This led to me to recall those players in my lifetime that were able to prevent this late-career slide into irrelevance, and instead "go out on top," as it were. Of course, the first example I thought of was another long-time Yankee, Mike Mussina. Mussina was the perfect example of a pitcher who learned to adapt his game as he grew older, and in his final season in 2008 he went 20-9 with a 78 ERA- and a remarkable 4.8 WAR at age 39.
What I wanted, then, was a list of Mussinas: a group of inspiring players that walked away from the game, head held high, age-defying and resilient, without ever having endured the decay that seems to seize the vast majority of baseball greats in their final years.
Instead, my database mostly returned a slate of unfortunate tragedies and abbreviated careers a la Roberto Clemente and Ray Chapman-- players that had clearly and sadly gone too soon. Despite this undesirable turn of events, I've decided to leave the title as I originally intended: Greatest Final Seasons. Hopefully we can at least remember them as they were before they left-- as great ballplayers.
Still, a few Mussinas did make the cut (including 'Moose' himself), and the list isn't entirely depressing. But I insist you to try and guess which position players and pitchers made the top 15 before you read the tables below, as you might find yourself as surprised as I did at some of the results.
All seasons are sorted by Baseball-Reference WAR, and I have restricted the list to final seasons after 1900. Let's begin with the hitters:
Prior to the 1921 season, Shoeless Joe Jackson was famously banned from baseball by commissioner Kenesaw Mountain Landis for his participation in the 1919 Black Sox Scandal. Jackson was one of the best players in the league at the time of his exile, posting 5+ WAR in four of his last five seasons. The conditions of his sudden and abrupt dismissal from the game of baseball are obviously quite extraordinary, as it's nearly impossible to imagine a 7 WAR player being exiled from the game today.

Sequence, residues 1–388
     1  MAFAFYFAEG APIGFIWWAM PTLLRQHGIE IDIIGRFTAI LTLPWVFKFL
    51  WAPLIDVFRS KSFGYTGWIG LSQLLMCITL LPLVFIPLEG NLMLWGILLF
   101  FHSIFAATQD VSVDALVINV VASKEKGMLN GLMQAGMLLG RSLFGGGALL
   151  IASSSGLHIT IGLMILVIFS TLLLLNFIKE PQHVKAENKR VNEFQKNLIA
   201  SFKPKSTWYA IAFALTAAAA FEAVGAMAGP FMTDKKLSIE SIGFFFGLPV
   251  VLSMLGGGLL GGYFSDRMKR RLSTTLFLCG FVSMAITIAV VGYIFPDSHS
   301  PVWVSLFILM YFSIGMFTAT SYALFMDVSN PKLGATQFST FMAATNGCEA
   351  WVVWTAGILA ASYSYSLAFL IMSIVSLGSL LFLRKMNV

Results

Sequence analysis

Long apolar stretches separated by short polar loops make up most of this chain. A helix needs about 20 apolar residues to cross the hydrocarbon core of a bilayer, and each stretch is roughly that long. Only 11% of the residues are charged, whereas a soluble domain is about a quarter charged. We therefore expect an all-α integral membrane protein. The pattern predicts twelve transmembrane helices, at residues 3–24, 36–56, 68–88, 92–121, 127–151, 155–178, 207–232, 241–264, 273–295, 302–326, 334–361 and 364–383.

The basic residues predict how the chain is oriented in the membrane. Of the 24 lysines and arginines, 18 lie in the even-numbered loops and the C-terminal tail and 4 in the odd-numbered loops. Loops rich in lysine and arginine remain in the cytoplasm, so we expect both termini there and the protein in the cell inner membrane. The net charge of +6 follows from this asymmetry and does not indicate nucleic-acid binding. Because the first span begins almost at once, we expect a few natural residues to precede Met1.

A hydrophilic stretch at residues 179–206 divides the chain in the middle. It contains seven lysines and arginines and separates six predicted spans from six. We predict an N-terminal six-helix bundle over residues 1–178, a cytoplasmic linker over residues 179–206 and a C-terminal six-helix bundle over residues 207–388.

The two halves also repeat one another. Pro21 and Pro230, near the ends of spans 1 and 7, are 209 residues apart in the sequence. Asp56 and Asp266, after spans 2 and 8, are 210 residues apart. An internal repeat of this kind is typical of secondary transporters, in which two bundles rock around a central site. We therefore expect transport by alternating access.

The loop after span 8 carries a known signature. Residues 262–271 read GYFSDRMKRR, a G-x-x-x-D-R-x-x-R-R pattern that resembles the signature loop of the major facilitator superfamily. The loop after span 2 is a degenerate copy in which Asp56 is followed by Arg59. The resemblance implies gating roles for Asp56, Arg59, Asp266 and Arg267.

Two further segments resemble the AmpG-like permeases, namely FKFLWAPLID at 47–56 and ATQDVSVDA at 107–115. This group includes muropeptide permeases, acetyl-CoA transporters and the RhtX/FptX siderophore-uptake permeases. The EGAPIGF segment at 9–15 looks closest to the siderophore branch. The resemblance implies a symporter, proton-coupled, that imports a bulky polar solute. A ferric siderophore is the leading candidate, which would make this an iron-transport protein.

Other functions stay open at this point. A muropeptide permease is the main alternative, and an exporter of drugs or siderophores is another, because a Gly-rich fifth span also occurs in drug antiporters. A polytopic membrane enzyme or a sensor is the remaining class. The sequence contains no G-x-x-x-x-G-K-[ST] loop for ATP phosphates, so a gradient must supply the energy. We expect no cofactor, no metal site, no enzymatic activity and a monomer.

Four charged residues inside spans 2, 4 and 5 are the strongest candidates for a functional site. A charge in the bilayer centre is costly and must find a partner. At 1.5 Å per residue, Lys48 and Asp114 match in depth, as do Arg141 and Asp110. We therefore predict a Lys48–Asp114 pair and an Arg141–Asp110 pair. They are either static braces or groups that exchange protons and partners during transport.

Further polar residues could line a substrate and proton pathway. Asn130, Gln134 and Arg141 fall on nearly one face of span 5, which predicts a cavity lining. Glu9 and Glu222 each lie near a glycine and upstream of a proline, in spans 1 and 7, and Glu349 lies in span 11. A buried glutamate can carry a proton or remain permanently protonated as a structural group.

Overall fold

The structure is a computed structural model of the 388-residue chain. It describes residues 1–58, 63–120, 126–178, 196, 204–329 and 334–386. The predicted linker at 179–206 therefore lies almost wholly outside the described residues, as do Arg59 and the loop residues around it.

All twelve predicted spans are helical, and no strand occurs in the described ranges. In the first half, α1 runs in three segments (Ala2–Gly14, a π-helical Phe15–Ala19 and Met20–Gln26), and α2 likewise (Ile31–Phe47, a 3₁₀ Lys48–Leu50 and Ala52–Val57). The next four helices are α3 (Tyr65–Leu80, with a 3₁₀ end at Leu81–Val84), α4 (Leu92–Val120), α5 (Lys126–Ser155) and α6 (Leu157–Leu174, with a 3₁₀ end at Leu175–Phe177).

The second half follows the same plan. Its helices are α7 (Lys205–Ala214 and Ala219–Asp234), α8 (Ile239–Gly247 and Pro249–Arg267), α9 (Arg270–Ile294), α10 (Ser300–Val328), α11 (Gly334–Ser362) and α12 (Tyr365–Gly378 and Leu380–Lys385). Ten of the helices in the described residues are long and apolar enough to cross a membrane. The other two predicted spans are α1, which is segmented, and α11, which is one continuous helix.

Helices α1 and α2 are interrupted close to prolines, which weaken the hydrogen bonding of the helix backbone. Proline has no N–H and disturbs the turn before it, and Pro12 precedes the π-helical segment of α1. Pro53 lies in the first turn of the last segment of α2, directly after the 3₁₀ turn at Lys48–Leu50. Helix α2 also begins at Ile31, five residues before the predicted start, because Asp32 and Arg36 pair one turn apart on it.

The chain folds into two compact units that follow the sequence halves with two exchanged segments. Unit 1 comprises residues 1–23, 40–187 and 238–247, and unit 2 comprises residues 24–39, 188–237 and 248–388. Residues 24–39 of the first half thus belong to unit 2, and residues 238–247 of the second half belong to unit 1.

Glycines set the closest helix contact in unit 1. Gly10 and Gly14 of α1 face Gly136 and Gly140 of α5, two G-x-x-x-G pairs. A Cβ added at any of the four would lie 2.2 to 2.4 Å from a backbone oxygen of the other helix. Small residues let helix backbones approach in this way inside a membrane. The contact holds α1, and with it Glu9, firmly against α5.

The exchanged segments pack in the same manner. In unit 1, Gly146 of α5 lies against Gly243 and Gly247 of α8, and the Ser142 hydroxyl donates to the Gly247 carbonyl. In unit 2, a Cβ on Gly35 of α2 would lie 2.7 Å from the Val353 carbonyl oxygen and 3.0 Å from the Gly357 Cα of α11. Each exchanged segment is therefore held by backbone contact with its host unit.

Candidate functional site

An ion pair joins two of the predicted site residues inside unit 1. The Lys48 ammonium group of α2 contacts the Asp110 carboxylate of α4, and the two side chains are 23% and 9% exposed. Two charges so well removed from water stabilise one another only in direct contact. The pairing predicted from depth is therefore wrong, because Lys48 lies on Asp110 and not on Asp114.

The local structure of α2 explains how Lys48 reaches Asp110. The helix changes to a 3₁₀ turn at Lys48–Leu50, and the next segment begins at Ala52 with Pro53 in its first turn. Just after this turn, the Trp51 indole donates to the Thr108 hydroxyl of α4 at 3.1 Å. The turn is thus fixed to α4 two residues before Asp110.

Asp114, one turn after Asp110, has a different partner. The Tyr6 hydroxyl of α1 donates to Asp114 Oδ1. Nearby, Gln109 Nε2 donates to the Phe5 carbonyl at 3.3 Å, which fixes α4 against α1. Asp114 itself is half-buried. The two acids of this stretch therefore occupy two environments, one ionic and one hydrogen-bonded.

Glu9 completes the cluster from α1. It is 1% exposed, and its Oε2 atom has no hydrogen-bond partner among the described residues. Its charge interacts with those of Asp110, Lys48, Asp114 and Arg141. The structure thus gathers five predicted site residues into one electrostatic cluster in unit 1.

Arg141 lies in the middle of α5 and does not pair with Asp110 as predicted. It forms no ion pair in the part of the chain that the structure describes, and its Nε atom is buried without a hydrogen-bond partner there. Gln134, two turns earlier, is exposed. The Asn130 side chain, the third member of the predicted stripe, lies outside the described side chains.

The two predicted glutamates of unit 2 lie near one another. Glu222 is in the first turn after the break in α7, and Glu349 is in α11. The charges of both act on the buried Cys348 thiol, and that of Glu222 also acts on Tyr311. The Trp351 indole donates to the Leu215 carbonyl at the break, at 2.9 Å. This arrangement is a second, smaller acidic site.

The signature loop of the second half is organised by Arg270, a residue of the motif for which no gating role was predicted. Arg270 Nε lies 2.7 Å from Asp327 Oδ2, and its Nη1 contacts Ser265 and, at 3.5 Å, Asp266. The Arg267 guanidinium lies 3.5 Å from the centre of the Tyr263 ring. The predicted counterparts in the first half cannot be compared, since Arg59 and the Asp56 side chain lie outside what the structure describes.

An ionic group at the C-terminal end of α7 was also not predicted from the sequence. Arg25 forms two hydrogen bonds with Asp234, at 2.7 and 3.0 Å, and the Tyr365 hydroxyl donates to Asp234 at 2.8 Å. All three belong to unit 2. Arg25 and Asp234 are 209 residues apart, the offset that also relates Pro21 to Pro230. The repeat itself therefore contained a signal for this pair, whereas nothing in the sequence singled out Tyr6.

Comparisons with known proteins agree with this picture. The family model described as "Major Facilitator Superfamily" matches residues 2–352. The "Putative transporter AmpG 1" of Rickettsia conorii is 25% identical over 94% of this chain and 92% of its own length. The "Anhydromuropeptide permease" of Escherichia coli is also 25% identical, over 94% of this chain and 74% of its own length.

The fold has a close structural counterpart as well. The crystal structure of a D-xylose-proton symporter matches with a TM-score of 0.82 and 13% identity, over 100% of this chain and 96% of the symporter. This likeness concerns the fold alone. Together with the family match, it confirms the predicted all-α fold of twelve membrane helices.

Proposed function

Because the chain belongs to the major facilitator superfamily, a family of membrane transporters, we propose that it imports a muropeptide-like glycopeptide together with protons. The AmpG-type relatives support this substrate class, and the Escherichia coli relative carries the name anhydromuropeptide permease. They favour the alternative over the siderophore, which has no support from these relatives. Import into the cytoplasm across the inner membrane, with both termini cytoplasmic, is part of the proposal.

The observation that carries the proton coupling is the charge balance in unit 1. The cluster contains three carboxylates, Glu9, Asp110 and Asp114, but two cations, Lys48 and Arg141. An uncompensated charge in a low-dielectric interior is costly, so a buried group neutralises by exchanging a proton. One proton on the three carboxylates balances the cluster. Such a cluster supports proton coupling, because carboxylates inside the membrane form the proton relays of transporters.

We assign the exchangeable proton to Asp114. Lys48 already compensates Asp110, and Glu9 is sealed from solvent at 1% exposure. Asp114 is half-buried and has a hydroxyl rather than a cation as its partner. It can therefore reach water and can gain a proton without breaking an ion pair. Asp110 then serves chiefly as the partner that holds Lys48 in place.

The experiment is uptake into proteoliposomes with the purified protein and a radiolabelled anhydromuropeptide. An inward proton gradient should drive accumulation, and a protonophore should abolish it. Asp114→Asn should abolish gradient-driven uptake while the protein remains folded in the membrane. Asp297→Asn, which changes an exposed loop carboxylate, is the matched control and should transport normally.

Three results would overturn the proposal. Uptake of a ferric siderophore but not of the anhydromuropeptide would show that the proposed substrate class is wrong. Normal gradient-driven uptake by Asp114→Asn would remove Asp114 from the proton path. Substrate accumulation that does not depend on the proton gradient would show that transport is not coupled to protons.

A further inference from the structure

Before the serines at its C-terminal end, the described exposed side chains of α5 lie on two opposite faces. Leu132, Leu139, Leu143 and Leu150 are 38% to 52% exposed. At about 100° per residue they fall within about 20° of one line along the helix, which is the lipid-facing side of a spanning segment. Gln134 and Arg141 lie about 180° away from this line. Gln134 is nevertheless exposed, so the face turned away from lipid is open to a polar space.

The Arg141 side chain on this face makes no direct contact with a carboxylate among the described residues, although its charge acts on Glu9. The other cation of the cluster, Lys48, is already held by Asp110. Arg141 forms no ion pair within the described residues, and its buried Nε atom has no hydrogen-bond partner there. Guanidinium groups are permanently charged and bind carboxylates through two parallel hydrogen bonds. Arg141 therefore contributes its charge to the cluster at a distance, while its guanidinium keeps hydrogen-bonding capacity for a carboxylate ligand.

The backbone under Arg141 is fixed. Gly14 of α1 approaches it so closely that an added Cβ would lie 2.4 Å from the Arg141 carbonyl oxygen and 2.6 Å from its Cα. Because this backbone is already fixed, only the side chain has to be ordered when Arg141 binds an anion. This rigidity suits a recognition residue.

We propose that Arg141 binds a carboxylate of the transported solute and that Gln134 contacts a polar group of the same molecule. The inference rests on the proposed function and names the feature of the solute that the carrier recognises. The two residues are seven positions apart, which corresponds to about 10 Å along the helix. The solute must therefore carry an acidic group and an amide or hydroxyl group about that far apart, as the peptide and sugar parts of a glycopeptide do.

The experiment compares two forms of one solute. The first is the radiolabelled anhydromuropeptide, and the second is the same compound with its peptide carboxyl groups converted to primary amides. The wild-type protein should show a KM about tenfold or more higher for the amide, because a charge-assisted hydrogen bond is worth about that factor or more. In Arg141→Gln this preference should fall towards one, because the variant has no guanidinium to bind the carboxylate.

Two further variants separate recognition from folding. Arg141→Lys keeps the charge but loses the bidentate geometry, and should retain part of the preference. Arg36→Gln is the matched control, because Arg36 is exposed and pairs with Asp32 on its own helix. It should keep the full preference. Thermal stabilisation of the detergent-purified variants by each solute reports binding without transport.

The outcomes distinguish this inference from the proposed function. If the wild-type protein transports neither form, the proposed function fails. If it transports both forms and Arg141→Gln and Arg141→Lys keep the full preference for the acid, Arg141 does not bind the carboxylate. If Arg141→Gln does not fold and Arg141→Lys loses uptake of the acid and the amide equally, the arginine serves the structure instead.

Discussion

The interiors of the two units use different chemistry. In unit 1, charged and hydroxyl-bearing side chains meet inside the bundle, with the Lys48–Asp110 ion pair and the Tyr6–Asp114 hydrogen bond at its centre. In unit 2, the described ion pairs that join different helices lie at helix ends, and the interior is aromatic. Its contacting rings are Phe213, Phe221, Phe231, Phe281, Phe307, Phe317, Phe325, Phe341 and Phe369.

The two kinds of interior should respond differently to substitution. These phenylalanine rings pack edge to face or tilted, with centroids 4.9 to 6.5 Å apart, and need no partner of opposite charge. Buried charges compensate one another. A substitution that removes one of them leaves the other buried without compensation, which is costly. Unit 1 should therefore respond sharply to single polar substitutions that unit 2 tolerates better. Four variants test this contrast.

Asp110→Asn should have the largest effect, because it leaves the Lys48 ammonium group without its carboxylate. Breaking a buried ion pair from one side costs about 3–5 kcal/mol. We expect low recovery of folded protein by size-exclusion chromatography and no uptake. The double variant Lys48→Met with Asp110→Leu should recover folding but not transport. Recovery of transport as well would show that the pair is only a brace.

Similarly, Jackson's teammate Happy Felsch at #2 was also exiled from the game in 1920 for his own involvement in the same scandal. Unlike Jackson, who was 32 years old at the time, Happy was at the peak of his career at age 28 and was just coming off his best season to date.
This past New Year's Eve marked the 40th anniversary of Roberto Clemente's death in the 1972 off-season. Clemente was en route to Nicaragua on a relief mission to assist earthquake victims when his plane tragically crashed off the coast of Puerto Rico immediately after take-off. Clemente is remembered for his humanitarian efforts as much as his baseball talent, and the latter is especially highlighted by his placement at #3 in this table, with an outstanding 4.7 WAR in his final season at age 37.
There are few baseball icons larger than Clemente, but Jackie Robinson is almost certainly that. Robinson, interestingly, is the first player on our list to voluntarily leave the game, although the adverse effects of his diabetes at age 37 certainly played a large part in his decision to retire. It is likely that Robinson had a few good years left in him, hanging it up after an outstanding 4.3 WAR season.
Roy Cullenbine is a sad story of a different kind-- one of an under-appreciated career rather than blatant career-ending tragedy. Cullenbine regularly posted walk rates between 15-20% over the course of his 10 year career from 1938-1947. His ability to harness the power of the free-pass only improved as time went on, ultimately topping out at a remarkable rate of 22.6% in his final season in 1947. Unfortunately for Cullenbine, his unique knack for the bases on balls came at a time in baseball history where significantly more weight was placed on batting average (Roy only hit .224 that year). Despite providing his club with three consecutive seasons of 4+ WAR, Cullenbine was released from the Detroit Tigers at the age of 33.